The Times reported Dec. 9 on telephone polling about the race for 2nd District Congress, including questions matching incumbent Republican Rep. French Hill of Little Rock against Democratic state Rep. Clarke Tucker of Little Rock.

Talk has been circulating that the results might encourage Tucker’s entry into the race. He has no comments on either polls (two different surveys have been reported) or his election plans for 2018. The Democratic Congressional Campaign Committee, which I believe was behind one of the surveys, is closed this week. And it probably won’t comment when I can reach them, with two announced Democrats, Paul Spencer and Gwen Combs, already in the race.

You could guess the outline of the poll results without seeing them — support for a Democrat against Hill in Pulaski County, which he couldn’t carry against an unfunded unknown two years ago and support for anybody with an R after their name in the outlying counties. It also wouldn’t be a surprise to see Hill below 50 percent support, given the throw-the-bums-out temperature of the times and the particularly low approval rating of the GOP Congress.

The interesting results would be those on needle-moving questions. Is health care a winner in Arkansas, for example? It was in Virginia, where a Democrat won the governor’s race and Democrats almost erased a 32-seat Republican state House advantage. Suburban districts with swing voters were powerful in Virginia for Democrats. Faulkner County might fit that profile in Arkansas’s 2nd District, or at least that part in the city of Conway might. I even had a Republican legislator tell me he saw such potential this year in Saline County, which elected Democrats such as Shane Broadway not so terribly long ago.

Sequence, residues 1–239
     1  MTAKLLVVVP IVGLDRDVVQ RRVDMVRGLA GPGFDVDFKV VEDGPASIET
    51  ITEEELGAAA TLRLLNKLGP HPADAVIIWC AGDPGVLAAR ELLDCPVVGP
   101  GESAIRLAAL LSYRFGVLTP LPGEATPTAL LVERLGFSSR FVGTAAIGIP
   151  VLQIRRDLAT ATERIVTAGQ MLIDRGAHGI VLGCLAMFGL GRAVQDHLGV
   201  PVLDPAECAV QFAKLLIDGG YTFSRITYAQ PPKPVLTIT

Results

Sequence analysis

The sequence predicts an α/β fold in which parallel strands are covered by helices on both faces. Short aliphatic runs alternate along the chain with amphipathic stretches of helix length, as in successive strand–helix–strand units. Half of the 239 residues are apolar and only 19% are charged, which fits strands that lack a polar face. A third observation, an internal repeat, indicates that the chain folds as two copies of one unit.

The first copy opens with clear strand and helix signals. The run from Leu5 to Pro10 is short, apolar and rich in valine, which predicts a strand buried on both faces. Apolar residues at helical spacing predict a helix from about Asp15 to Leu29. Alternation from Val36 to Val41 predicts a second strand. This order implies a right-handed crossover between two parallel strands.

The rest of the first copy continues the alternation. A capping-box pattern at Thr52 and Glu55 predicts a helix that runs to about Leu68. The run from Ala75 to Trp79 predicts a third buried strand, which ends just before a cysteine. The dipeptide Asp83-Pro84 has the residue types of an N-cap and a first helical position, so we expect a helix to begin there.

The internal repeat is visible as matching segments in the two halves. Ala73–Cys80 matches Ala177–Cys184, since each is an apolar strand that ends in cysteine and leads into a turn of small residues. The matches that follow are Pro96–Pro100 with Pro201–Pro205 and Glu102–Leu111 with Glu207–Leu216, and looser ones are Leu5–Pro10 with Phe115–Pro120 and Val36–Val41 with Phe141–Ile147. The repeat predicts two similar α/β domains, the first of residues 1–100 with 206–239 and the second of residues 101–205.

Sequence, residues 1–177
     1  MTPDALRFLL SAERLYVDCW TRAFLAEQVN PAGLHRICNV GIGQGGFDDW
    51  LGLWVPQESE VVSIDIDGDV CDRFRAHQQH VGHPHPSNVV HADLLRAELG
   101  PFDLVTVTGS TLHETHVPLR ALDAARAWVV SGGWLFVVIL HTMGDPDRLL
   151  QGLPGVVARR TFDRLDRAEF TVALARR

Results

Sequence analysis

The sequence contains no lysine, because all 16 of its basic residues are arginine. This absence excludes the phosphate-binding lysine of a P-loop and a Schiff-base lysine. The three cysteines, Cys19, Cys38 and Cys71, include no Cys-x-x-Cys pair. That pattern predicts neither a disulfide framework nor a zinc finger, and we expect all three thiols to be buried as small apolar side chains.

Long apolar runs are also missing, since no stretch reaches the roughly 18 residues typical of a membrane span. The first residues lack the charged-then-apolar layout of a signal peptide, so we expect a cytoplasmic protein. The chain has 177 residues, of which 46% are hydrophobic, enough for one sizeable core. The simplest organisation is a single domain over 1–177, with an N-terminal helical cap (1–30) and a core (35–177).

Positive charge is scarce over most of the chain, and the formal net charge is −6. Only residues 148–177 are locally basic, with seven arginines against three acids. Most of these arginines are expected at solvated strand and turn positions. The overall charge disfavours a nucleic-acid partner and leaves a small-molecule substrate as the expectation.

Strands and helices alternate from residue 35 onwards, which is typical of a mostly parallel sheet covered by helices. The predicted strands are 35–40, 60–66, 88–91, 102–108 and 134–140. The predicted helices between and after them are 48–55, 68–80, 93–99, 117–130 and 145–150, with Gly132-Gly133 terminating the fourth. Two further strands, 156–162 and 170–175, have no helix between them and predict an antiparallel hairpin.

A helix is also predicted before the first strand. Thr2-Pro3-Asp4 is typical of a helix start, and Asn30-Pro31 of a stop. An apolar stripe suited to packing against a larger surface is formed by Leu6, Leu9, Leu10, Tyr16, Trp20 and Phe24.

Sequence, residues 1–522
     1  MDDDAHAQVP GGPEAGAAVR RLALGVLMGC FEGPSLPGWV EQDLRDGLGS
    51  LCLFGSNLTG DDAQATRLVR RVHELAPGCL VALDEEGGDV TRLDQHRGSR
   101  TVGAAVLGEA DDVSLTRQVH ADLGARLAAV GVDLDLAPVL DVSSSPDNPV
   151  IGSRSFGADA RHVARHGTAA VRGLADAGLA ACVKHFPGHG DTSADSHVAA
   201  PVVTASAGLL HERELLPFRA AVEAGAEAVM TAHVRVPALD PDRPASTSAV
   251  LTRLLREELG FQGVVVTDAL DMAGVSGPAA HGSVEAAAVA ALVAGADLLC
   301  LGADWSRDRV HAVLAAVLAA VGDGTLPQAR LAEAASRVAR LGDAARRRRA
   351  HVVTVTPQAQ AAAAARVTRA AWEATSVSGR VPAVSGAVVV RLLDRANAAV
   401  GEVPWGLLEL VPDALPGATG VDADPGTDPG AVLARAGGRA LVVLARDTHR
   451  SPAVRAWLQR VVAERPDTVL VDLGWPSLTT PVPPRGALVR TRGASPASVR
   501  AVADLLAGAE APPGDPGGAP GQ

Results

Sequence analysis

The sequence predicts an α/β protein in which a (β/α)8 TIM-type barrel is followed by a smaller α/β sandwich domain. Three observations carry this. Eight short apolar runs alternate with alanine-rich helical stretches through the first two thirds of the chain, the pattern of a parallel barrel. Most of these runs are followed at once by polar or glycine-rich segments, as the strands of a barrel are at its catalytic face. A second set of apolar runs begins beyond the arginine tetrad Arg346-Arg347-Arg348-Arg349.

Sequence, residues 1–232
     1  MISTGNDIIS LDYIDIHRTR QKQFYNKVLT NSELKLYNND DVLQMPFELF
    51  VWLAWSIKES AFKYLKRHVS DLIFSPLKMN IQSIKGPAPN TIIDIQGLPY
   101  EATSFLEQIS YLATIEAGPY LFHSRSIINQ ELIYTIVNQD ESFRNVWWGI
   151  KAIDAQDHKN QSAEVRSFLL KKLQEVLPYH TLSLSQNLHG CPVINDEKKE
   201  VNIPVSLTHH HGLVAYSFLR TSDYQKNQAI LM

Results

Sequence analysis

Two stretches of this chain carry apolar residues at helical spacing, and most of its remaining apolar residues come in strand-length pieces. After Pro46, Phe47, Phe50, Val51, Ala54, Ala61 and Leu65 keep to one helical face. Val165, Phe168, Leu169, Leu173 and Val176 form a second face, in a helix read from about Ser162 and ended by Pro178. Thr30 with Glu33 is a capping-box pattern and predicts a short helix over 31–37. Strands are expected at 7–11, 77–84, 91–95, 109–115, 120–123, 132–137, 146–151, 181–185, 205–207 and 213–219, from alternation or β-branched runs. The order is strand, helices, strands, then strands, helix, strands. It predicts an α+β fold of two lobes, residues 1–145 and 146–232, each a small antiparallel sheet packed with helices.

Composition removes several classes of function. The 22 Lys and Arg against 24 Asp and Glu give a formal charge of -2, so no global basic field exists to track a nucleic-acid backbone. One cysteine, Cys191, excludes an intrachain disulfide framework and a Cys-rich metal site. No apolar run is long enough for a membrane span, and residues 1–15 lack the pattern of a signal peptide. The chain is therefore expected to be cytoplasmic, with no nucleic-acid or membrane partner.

You’d think health care would be a plus in a state where more than 300,000 have benefitted from the Obamacare Medicaid expansion. French Hill has backed Donald Trump down the line, which might be a negative some places, but I suspect Trump retains more popularity in Arkansas.

Hill is sitting on more than $1 million in campaign money, heavily powered by contributions from the securities and banking industry (major beneficiaries of the tax legislation that Hill supported, by the way). Any Democrat will have to raise money first to win the primary, a challenge Hill likely won’t face. And French Hill, apart from being a wealthy banker, carries no baggage of the sort that beat Roy Moore in Alabama.